I only worshipped with my wife and thirty-three other people at two services on Sunday (one at St George’s and one at St Nicolas’), but fifteen of them were people who were not worshipping in any of our churches when I arrived in the parish nearly nine years ago. I genuinely don’t know what to make of that fact. Ashamed by how few of the established congregations wanted to come? Impressed that some fresh people want to come? Intrigued about the recognised dynamic in which relatively small congregations don’t grow when new people join? Relaxed about the unusual make up of the two congregations on the first Sunday of the summer holiday?
Or perhaps I shouldn’t be paying so much attention to the numbers anyway; the Old Testament teaches that taking a census of soldiers before battle indicates a fatal lack of faith in God. An advert for a job in this week’s Church Times seeks someone who ‘loves the Lord and looks only to him for affirmation’ (although this doesn’t make it sound as if the parish intends to offer the support to the new Minister which one might hope, which I’m pretty sure can’t be true).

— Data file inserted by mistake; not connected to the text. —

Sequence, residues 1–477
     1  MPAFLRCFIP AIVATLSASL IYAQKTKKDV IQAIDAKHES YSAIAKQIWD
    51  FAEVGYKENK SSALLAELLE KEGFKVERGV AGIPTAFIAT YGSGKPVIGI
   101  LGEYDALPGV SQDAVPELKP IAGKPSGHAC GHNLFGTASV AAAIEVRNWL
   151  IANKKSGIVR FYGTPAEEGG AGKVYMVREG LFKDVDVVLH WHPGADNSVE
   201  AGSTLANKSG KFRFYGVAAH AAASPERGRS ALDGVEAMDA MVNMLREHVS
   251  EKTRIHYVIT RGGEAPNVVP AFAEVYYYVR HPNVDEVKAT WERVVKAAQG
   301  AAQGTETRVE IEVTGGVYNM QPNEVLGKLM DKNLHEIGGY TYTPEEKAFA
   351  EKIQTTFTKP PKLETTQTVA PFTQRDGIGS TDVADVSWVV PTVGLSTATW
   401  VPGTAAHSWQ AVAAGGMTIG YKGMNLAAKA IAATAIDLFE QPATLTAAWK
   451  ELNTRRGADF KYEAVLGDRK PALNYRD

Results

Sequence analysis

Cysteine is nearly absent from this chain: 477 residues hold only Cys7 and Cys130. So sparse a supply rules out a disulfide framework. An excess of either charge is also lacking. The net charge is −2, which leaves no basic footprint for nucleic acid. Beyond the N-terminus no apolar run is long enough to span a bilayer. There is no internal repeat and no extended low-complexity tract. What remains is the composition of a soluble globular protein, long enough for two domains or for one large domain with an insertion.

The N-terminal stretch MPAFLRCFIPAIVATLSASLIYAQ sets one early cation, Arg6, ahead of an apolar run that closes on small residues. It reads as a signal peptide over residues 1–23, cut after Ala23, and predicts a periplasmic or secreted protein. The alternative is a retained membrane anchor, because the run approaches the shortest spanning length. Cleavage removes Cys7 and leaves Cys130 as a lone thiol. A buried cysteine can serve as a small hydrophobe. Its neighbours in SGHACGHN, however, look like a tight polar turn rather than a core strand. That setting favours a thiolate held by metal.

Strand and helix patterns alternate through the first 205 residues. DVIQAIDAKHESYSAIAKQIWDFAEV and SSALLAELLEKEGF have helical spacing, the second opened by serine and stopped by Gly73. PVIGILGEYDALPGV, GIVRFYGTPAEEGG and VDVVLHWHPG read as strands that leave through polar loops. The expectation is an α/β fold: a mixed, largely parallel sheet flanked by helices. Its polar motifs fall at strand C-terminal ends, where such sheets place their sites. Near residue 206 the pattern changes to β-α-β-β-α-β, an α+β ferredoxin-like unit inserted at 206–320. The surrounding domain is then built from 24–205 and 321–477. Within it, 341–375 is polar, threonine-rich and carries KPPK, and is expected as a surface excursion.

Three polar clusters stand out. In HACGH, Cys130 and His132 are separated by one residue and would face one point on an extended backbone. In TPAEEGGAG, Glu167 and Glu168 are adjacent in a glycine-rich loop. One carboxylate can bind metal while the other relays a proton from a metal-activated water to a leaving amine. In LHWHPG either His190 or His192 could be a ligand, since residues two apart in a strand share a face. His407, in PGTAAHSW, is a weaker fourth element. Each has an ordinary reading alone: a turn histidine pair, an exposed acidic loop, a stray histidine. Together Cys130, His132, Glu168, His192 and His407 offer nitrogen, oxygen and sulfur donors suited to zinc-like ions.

Or it is just the way things happen to have fallen on one sunny day. I enjoy challenging children who visit either St Michael’s or St Nicolas’ to find the dice in the church. The answers (from the 1910 window at St Michael’s and the 1925 reredos at St Nicolas’) are in two new pictures which were the first prompt for this post. In both cases they are part of a set of symbols of Jesus’ Passion set on shields, with the dice representing the soldiers gambled for Jesus’ clothes as he was crucified. I’ve comes across medieval use of these symbols, often carried by angels. I wonder whether reviving these was a fashion in the early part of the twentieth century?